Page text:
1944 Chicago Convention, the seminal global aviation agreement set COOPERATION as Gold Standard
Sean Broderick reminds aviation regulators of that GOAL
Positive speeches by FAA and EASA at International Aviation Summit
ICAO’s state-of-art SMS risk management tool pushes collaboration, too
The Chicago Convention was the joint work of fifty-four nations, “to promote cooperation” and “create and preserve friendship and understanding among the nations and peoples of the world”. That 78 year old multi-national agreement may have lost some of its resonance in today’s global competitive commerce. Sean Broderick’s essay, Aviation Safety’s ‘Gold Standard’ Isn’t An Agency—It’s An Outcome, reminds all aviation safety professionals of the need, perhaps MANDATE, to collaborate on matters of safety.
One of the essential pillars of this state-of-the-art risk management tool is collaboration among the units of the regulated organization, among like situated safety companies and by extension among the Civil Aviation Authorities around the globe. A diversity of perspectives is a proven method to optimize a solution,
This Daily Memo was a much needed repetition of these Chicago and SMS principles. A goal of being the top CAA is antithetical to those truths; indeed, as Director Ky pronounced, their mission is SAFE PRODUCTS, not some imaginary, comparative ranking. Still, this astute reporter mentions that the FAA-EASA relationship is both “quite healthy” and at the same time “tense.”
After years of hearing that the FAA is the GOLD STANDARD of aviation safety, the other CAAs increasing angst about this title. The tension may be beyond the bilateral situation between the US and the EU.
The FAA and EASA have some mending of fences before them. The Max 8 maelstrom had to have detracted from the trust that was developed through the BASA process. No psychiatrist can help repair that schism. Working through the Boeing 737 MAX 10, 777-10x, etc., the FAA staff engineers must demonstrate to their EASA peers the integrity of their work and the support of their management. FAA senior management first and then EASA executives must see that the ODA actions, with the legislated reforms, are reliable.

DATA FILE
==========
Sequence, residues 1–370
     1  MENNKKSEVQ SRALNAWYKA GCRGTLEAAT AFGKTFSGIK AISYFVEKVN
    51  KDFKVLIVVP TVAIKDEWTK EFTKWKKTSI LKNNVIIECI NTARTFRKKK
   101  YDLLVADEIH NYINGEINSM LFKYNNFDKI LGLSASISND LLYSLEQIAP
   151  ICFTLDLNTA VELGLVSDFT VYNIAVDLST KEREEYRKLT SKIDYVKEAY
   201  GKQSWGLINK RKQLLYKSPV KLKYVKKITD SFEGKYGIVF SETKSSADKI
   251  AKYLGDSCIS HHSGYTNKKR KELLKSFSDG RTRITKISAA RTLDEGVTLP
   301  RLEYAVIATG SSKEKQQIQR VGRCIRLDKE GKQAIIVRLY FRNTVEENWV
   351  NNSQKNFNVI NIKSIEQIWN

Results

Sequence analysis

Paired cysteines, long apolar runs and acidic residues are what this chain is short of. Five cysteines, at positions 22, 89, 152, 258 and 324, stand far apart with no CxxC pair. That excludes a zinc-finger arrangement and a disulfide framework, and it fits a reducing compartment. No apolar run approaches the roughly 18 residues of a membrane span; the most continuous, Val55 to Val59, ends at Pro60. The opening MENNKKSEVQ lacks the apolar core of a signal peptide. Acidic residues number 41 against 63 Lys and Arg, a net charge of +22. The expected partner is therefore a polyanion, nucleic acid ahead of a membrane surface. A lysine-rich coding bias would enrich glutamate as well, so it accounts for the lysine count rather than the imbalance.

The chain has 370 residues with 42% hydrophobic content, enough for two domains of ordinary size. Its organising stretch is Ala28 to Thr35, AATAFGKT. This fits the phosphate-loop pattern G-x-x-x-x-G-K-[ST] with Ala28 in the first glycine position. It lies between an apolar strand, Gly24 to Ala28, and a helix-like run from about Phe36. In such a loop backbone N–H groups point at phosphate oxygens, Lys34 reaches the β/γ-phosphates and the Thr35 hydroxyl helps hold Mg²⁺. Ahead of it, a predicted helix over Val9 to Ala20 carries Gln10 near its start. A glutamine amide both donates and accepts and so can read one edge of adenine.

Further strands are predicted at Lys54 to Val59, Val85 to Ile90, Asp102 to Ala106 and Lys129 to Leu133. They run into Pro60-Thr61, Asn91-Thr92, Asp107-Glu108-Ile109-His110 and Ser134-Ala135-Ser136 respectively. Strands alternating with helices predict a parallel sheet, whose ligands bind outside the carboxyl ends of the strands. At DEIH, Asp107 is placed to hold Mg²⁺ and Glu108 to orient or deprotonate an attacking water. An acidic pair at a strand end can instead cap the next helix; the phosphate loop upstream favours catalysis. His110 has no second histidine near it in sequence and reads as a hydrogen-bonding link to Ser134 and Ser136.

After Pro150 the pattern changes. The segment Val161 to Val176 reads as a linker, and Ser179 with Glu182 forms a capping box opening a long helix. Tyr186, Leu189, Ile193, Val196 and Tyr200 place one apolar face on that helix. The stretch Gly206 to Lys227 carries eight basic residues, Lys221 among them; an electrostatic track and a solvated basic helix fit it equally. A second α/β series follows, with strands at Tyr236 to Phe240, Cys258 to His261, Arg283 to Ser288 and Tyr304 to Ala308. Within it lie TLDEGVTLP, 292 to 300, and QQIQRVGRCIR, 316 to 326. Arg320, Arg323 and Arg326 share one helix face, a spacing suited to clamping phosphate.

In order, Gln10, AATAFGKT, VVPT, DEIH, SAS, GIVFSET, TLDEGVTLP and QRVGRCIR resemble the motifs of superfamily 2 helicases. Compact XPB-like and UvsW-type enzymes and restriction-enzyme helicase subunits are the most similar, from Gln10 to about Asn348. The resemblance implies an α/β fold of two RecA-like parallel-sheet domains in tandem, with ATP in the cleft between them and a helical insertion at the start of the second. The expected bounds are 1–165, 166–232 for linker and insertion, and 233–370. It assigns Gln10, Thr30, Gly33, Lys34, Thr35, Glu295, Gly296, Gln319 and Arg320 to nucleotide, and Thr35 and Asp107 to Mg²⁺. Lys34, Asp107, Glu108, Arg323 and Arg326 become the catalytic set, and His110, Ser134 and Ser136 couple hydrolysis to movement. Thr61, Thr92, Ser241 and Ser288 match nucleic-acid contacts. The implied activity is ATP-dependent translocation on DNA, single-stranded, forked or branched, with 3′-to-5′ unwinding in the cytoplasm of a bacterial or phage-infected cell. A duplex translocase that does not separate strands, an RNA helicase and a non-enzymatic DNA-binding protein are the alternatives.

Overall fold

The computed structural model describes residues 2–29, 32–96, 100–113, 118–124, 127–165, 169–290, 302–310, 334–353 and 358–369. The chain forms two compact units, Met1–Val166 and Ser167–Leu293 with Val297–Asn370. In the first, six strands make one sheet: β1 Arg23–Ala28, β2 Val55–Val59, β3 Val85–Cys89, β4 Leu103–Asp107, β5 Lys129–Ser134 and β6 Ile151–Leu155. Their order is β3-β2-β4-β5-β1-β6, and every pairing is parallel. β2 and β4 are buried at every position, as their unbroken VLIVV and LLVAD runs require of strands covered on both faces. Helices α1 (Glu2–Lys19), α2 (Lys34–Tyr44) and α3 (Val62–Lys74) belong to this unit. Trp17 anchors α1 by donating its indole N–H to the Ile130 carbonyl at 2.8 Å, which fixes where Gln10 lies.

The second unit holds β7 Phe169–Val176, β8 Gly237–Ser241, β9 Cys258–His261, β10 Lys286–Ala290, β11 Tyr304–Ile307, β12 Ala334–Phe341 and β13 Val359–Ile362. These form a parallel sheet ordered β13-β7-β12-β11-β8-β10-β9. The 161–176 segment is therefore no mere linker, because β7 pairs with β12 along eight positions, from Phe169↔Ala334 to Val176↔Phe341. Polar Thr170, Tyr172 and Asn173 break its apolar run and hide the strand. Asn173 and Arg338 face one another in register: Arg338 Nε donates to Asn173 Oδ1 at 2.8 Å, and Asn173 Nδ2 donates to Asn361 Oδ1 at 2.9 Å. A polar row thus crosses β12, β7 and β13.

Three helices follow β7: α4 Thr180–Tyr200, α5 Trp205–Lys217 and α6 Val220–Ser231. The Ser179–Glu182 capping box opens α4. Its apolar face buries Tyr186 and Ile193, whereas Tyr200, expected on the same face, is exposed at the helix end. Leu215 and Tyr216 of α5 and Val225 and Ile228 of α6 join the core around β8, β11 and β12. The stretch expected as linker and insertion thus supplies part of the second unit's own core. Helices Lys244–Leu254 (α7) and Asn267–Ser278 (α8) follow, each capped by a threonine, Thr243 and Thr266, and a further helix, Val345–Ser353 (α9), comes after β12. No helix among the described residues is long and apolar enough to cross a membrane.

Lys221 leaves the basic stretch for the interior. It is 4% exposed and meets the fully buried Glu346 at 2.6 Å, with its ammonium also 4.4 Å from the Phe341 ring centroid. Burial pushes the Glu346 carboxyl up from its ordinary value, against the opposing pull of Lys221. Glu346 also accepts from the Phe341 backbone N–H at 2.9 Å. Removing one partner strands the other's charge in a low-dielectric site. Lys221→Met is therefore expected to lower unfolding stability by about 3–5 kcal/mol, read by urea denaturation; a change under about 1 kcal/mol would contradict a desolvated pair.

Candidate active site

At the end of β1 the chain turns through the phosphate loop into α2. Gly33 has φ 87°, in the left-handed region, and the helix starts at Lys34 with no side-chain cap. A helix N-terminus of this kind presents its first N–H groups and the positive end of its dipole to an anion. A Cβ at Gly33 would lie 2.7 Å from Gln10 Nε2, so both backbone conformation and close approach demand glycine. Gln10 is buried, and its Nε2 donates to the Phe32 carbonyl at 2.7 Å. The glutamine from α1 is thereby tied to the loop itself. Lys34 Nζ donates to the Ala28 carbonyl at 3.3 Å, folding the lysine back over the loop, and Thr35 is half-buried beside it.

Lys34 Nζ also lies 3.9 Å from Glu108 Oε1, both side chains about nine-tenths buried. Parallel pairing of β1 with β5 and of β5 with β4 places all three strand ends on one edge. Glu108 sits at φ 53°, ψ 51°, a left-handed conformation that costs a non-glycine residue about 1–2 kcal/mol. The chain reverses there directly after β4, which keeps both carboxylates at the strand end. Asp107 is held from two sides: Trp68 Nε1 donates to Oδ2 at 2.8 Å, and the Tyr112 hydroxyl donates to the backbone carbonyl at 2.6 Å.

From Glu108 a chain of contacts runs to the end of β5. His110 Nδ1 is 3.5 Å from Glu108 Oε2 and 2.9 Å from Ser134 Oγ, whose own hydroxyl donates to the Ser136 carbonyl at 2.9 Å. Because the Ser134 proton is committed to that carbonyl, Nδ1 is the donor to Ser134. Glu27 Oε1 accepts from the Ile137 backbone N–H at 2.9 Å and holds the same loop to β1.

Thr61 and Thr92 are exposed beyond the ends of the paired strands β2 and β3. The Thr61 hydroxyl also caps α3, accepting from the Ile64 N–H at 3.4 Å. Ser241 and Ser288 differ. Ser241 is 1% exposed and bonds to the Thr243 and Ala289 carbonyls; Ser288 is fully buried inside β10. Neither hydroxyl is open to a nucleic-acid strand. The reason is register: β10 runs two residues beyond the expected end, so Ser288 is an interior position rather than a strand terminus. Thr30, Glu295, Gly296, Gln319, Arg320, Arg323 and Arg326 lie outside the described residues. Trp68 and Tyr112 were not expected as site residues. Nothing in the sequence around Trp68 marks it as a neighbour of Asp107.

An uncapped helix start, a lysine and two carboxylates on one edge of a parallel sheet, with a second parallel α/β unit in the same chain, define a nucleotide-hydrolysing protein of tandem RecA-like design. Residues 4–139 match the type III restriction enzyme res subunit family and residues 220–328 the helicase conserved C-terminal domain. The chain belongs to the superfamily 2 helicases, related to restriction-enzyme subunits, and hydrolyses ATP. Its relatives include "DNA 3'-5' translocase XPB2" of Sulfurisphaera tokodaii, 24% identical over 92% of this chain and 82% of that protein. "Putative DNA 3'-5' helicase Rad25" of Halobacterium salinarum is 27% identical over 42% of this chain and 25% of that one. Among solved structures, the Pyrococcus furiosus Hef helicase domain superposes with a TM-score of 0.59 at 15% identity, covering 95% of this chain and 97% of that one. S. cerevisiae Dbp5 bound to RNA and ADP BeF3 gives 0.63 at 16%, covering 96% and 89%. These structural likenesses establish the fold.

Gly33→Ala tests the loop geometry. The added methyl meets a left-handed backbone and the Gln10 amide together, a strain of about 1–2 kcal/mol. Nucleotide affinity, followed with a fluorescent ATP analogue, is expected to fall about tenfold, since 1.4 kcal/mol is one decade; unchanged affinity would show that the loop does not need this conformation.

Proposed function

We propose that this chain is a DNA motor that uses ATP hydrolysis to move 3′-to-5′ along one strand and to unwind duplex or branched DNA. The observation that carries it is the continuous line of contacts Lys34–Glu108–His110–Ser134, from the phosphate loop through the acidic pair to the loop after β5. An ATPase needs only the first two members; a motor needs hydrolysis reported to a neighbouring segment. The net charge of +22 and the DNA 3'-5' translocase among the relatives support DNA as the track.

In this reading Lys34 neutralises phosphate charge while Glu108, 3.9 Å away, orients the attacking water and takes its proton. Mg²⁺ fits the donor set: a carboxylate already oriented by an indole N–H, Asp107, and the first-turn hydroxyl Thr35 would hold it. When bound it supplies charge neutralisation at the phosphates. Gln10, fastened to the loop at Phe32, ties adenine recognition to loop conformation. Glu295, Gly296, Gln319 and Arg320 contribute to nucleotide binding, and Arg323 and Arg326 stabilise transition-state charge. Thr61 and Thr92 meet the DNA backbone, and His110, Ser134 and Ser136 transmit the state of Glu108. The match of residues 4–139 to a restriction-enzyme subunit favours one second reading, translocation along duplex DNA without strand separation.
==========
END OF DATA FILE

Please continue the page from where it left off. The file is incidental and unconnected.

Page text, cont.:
The Daily Memo notes several instances in which it might be inferred that the FAA conceded on points of difference. Hopefully, the US accepted the EU position on substance—if not, the effort to restore technical equality will likely have a very long timeline to parity,
Aviation Safety’s ‘Gold Standard’ Isn’t An Agency—It’s An Outcome
The concept of a winner-take-all battle between the FAA and the European Union Aviation Safety Agency (EASA) for the title of global aviation safety’s “gold standard” regulator is amusing at best, and absurd at worst.
Multiple competent regulators with broad experience—think certifying transport-category aircraft, the companies that build them and the operators that fly them—benefits the industry. Each regulator brings different perspectives and philosophies— traits that become even more important under the so-called performance-based regulatory approach that is a must for any agency that wants to keep up with the pace of change.
“There is no competition, because it doesn’t make any sense to say, ‘I’m the gold standard, and you are the silver standard,’” EASA Executive Director Patrick Ky told reporters at the FAA/ EASA International Aviation Safety Summit, held in Washington in mid-June. “What matters is that our products—all our products—are as safe as possible.”